Speakers & Topics
Introduction to the workshop
A Shipping Industry outlook with focus on Operations. Setting the scene for the workshop. Challenges in the future with respect to operations. The future design of the vessels. The fuel challenges. The operational pattern of the different markets and ship types. The environmental challenges and carbon reduction goals for 2030/2050 and the impact on operations.
Jakob Buus Petersen, Director, Vessel Performance Solutions
The design of current vessels before and after the implementation of the EEDI. The market today. Benchmarking. Charterers options. Owners challenge when buying old tonnage. Improving energy efficiency of current fleet, potential. Technical and financial risks of implementing energy-saving technologies and how the industry overcome these challenges. The session will discuss what tools are available to identify inefficiencies and how we can use these tools to implement an energy efficient culture.
Antonis Trakakis, CTO, Forward Ships
Vessel Design and future fuels. The sulphur cap and carbon reduction, improving ship hydrodynamics and propulsion, base load & engine room configuration.
Kristian Bendix Nielsen, Director, Vessel Performance Solutions
Set the scene for performance monitoring. Why do we need it and what is it that we need for which purposes. Who are the stakeholders. What do we expect to see. Can we find an easy way to take smart decisions.
Per N. Petersen, Head of Bunkers, Maersk Tankers
Commercial performance in a pool. Energy Efficiency of a fleet. Pool system accounting. Transparency and fairness. Case stories.
Michalis Servos, Head of Energy Efficiency, Minerva Marine
Energy efficiency from a Ship Owner's perspective. What should you expect of performance for your vessels and how do you establish your baselines for performance? And how do you monitor a fleet by establishing a consistent data stream. Case stories.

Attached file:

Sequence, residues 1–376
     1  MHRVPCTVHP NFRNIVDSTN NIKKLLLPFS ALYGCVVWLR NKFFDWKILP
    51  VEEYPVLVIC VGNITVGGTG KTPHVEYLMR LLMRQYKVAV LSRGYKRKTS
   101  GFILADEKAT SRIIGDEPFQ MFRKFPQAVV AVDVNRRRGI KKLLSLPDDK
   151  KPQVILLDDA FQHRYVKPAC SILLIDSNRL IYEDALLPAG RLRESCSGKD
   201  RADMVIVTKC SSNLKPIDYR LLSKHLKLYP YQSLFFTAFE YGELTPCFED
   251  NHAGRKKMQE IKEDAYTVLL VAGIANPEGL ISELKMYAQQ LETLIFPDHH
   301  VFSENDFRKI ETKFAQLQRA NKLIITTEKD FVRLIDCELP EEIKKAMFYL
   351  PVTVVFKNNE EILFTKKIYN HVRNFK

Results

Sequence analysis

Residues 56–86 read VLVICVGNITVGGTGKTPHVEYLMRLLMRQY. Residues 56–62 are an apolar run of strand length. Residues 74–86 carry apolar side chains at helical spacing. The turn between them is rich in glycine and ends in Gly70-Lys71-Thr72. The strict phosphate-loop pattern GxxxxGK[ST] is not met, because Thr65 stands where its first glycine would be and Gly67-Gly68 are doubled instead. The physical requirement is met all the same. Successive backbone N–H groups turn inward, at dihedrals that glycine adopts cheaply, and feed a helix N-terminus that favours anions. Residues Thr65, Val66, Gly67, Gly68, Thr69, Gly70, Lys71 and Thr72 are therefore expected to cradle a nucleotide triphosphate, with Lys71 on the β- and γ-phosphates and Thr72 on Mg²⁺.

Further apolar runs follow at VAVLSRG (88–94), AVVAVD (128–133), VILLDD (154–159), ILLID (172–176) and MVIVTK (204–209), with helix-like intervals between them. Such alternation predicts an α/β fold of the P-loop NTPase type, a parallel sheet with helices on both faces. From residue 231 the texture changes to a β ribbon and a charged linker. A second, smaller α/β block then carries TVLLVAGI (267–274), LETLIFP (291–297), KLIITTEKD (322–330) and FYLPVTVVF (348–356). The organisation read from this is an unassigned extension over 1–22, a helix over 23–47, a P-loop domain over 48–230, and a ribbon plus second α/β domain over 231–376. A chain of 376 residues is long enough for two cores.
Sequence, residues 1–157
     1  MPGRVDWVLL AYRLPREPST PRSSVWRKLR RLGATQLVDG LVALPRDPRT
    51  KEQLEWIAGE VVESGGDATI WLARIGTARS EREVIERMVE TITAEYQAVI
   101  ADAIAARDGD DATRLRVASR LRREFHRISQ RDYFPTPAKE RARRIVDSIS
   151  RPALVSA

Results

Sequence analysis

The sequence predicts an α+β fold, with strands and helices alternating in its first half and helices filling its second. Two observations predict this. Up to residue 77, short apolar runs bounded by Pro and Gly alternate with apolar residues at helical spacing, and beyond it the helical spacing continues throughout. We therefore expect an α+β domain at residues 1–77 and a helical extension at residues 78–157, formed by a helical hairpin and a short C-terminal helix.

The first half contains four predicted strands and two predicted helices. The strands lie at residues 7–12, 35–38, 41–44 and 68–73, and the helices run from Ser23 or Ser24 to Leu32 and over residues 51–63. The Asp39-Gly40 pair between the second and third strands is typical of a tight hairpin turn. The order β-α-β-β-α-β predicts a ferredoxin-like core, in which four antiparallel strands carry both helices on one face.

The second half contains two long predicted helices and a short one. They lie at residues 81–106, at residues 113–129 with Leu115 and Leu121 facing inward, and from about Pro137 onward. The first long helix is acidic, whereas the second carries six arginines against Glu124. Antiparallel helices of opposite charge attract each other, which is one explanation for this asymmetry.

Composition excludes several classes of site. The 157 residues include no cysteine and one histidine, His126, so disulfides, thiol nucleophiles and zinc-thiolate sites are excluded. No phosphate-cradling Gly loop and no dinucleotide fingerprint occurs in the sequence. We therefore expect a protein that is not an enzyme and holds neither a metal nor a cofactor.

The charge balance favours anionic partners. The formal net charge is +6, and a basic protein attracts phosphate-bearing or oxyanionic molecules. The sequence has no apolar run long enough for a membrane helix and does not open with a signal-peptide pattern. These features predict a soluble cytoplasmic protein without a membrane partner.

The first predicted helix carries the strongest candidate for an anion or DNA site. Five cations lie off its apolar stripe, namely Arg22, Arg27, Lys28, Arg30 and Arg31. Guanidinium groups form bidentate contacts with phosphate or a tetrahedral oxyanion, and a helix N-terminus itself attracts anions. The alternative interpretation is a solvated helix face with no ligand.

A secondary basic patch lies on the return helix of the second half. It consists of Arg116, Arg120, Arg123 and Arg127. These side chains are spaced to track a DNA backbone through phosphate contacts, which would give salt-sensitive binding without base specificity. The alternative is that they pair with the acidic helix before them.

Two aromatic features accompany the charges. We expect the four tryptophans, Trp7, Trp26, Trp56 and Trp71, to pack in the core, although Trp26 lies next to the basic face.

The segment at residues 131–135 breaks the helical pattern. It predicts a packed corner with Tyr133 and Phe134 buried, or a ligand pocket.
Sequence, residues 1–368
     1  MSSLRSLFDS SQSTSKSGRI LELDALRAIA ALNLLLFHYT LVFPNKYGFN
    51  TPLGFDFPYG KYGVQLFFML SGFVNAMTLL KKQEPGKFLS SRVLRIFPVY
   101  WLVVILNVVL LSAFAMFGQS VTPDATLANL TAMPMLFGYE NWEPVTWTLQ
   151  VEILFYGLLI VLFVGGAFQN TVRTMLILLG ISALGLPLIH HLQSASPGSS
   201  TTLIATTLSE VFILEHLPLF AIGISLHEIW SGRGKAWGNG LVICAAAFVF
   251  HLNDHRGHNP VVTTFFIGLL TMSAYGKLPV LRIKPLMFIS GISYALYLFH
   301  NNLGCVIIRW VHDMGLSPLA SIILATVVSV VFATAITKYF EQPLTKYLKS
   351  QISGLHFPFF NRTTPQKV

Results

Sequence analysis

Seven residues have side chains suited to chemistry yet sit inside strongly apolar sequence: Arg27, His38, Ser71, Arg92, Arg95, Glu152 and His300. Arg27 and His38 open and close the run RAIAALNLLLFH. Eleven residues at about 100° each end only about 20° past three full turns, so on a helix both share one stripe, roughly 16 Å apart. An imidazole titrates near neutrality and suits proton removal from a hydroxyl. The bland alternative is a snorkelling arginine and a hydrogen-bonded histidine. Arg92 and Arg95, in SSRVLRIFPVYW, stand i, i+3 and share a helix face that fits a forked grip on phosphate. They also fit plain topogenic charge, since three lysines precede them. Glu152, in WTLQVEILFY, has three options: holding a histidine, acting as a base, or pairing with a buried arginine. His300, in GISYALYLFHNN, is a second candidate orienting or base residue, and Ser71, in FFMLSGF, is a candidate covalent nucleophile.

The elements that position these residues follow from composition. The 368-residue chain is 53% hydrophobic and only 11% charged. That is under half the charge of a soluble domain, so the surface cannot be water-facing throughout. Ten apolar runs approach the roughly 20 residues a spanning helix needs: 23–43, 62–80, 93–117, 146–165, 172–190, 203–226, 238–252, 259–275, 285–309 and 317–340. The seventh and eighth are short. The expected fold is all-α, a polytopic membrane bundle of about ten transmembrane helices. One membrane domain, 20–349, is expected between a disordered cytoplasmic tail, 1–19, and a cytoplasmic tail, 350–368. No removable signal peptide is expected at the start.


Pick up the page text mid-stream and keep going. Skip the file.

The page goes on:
Demtres Armanes, Senior Research Engineer, ABS
The SMART vessel, what is it and how do you get there? A new published ABS Guide covering Structural Health Monitoring, Machinery Health Monitoring, Asset Efficiency Monitoring, Operational performance management and Crew Assistance and Augmentation categories.
Ivana Melillo, Fleet Performance Manager, d'Amico Shipping
Energy efficiency from a Ship Owner's perspective. How do you set up your performance covering a fleet of diverse vessels. Case stories.
Stefanos Chartomatzides, Product Manager, Prisma Electronics
Automatic data collection. Practicalities on board and ashore. Data validation and security. Events handling.
Zoran Lajic, Head of Fleet Performance, Maran Tankers
A fully auto-logged performance system will be presented. This vessel performance monitoring system is a part of the Global Monitoring Platform. The Global Monitoring Platform showing all the vessels in the real time. The data needed for a performance analysis are fused from several data sources, e.g. onboard sensor data, weathered provider data, GIS data etc. Furthermore, an adaptive GLR (generalized likelihood ratio) detector which is able to detect the stable periods of the operation of a vessel will be presented. To assess the performance of a vessel, the stable periods of navigation can be used only. Therefore, having only sensor measurements from the stable periods as the inputs to the system is crucial for proper functioning of an auto logged vessel performance monitoring system. Removing the “contaminated” signals by ship maneuvering, changes in the weather condition or vessel speed would lead to an increase of the reliability of the system. The results from two VLCCs (Very Large Crude Carrier) with high and low frequency data will be shown.
Alexandros Senteris, Performance Engineer, Maran Tankers
During operation, the vessel will experience an increase of resistance due to several factors, linked to the sailing conditions, which should be modeled. Added wave resistance, wind resistance, shallow water and trim effect, are examples of parameters, which affect the power needed to propel the vessel. Any increase in resistance will result to the increase of fuel consumption and thus the increase of harmful emissions to the environment. In order to develop a robust and reliable analysis module to assess ship performance, we investigated the potential use of machine learning techniques, framed by naval architecture principles. The goal is to estimate the shaft power needed to propel the vessel at any operational, environmental and loading state. Clean hull and propeller condition were considered for the training of the artificial neural networks (ANN), in order to isolate the effect of fouling at any stage, by comparing the estimation with the shaft power measured by the torque meter and logged through the automated data transmission system at any time.
Leo Herold, Risk Communicator, WNI
Introduction to Optimum Ship Routeing (OSR), OSR performance parameters, Voyage priorities and performance solutions